Parks and recreation sites are open across B.C. This summer, British Columbians will be able to camp—close to home and throughout the province.
We’re blessed with an incredible network of recreational trails across the province. But with so many of us heading out, responsible recreation is more important than ever. So it’s a great time to revisit the most important principles for protecting our wild places, while you head out for your nature fix.
1. Plan ahead, be prepared.
Planning ahead is the start of any great trip. That’s especially true right now, with more people are getting outside and trying to practice physical distancing at the same time. Before you head out, make sure you:
• Have checked for closures at BC Parks or Recreation Sites and Trails BC. Remember some trails, parks, and facilities are still closed, and those closures should be respected.
• If possible, plan to visit a quieter trail, or at a quieter time.
• Don’t head out in large groups; 2-6 people is perfect.
• Like always, plan for the weather and bring all the gear you need to stay safe and deal with emergencies.
2. Bring your clean trip kit.
This is a new one: the BC Government is asking everyone to bring a “clean trip kit” when they visit parks and trails. A “clean trip kit” includes disposable gloves, toilet paper, and hand sanitizer. Remember, washrooms and visitor centres might be closed, so you need to be prepared to stay clean and safe.
3. Pack it in, pack it out.
Like always, it’s crucial to pack out what you pack in. Garbage, gloves, toilet paper—whatever arrives at the trailhead with you should leave with you. Remember, there might not be garbage cans or garbage collection in parks right now. And there’s likely to be more trash than ever, especially with people bringing gloves and other PPE to the trails. So take responsibility for your own trash and keep the trails clean for other users.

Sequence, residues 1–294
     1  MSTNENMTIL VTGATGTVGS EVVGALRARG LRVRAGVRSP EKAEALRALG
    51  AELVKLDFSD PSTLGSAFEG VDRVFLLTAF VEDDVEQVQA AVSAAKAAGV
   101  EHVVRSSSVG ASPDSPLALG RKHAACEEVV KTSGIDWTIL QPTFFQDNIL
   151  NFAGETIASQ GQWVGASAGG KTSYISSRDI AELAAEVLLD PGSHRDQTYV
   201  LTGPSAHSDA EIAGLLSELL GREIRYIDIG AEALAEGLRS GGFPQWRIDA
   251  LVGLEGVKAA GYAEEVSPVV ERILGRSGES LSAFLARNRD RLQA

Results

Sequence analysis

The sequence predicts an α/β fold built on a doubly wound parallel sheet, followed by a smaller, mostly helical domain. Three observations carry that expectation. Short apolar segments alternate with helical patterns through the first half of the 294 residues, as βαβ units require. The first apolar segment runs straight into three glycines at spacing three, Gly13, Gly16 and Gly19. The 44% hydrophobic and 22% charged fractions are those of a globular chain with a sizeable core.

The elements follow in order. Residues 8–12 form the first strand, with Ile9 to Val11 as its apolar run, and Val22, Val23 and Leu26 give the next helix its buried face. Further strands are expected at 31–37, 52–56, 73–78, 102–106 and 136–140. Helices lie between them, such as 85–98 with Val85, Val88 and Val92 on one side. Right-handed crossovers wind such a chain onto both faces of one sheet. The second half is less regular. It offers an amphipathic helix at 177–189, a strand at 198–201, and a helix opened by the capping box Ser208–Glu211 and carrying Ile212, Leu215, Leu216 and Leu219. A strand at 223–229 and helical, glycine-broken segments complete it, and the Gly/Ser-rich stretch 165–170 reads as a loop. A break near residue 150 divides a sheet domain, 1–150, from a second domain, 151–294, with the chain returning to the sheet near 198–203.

4. Stick to the trail.
Sticking to the trail protects the delicate ecosystems and habitats that surround trails. Wherever possible, only walk and ride on established trails. At the same time, it’s important to maintain 2 metres of physical distancing wherever possible. That means keeping an eye on who else is using the trails and planning ahead. Look for open spaces where you can pass on the trail without damaging plants and wildlife.
5. Share the trails.
The parks and trails are going to be busy this summer. Hikers, bikers, runners, horses—everyone’s excited to be out. So it’s especially important to be respectful, considerate, and kind when you’re outside. Give way to equestrians—and hikers, if you’re on a bike—and move to the right to let people pass. And of course, say hi, be friendly, and communicate clearly with everyone you meet.
6. Stay informed.
Finally, stay up to date with the latest information. BC Parks, Recreation Sites and Trails BC, and the BC Centre for Disease Control all have the latest guidelines and provincial health orders.